Monday, January 18, 2010

Rogue Dead Guy Ale Review

Brewery: Rouge Ales Brewery | Beer: Dead Guy Ale
Style: Maibock/Helles Bock | ABV: 6.5% | IBUs: 40
Serving Method: 12 oz. bottle poured into pint glass

Rouge Dead Guy AleDead Guy is Rogue's flagship beer, and one of the most ubiquitous brews in the craft world. The dead guy logo was originally designed as a tap sticker in honor of the Day of the Dead, but it proved so popular that Rogue applied it to their Maibock.

The Maibock, or Helles Bock, style is a strong German lager brewed for consumption during spring. According to the BJCP, it can be thought of as "either a pale version of a traditional Bock, or a Munich Helles brewed to Bock strength."

Not just a catchy label, Dead Guy has won a slew of awards, including nine medals from the World Beer Championships. The backbone is built of Northwest Harrington, Klages, Maier Munich, and Carastan malts, Perle and Saaz hop varieties provide bitterness, and fermentation is provided by Rogue's proprietary Pacman Yeast.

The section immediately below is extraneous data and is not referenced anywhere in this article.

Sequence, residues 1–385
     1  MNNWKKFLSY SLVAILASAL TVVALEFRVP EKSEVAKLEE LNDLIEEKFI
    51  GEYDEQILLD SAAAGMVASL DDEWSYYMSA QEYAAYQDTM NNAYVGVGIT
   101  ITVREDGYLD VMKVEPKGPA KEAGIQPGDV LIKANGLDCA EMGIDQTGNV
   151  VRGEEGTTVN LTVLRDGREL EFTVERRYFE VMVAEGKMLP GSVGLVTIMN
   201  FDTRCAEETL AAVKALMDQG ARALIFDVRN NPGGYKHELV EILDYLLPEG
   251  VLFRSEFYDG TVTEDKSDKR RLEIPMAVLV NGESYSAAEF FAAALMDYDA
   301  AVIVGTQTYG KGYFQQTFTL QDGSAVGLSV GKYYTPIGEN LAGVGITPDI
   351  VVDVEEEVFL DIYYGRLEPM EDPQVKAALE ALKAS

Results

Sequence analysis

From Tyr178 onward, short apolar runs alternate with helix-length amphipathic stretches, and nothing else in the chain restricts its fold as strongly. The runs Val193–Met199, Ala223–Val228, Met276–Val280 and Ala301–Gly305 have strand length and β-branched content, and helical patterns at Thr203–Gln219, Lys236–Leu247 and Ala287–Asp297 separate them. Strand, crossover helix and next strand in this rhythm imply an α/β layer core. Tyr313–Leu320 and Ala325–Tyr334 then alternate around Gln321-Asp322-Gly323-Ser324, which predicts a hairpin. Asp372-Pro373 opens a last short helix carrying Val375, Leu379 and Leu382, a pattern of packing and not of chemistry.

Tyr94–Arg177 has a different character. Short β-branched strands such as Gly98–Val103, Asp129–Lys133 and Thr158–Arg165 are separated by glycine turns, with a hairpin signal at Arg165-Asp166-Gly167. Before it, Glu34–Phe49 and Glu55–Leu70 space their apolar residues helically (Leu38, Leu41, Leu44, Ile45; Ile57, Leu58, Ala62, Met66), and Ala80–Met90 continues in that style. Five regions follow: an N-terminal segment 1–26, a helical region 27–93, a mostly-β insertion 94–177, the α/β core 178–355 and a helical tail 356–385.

Rogue describe the beer as "deep honey in color with a malty aroma and a rich hearty flavor." Sounds good, let's crack it open and pour it into my handy Dead Guy pint glass.

Appearance: A slightly hazy, golden-amber body capped by two fingers of creamy, off-white head that endures well and leaves good lacing.

Aroma: Lots of toasty caramel malt with a dash of spicy hops.

Taste: The focus here is really the bold and toasty caramel malt backbone, which is spot-on for the style. Towards the end a mild alcohol character emerges, about equal to what you'd expect to find in a Bock. It finishes with earthy and subtlety spicy hops that help to dry everything out.

Mouthfeel: A medium, slightly creamy body that features moderate carbonation.

Drinkability: Just shy of session territory, but still very drinkable.

Verdict: Dead Guy is a tasty and very drinkable beer with lots of character, but falls short of being exceptional. A worthy flagship brew for one of the bigger American microbreweries.

Grade: B+

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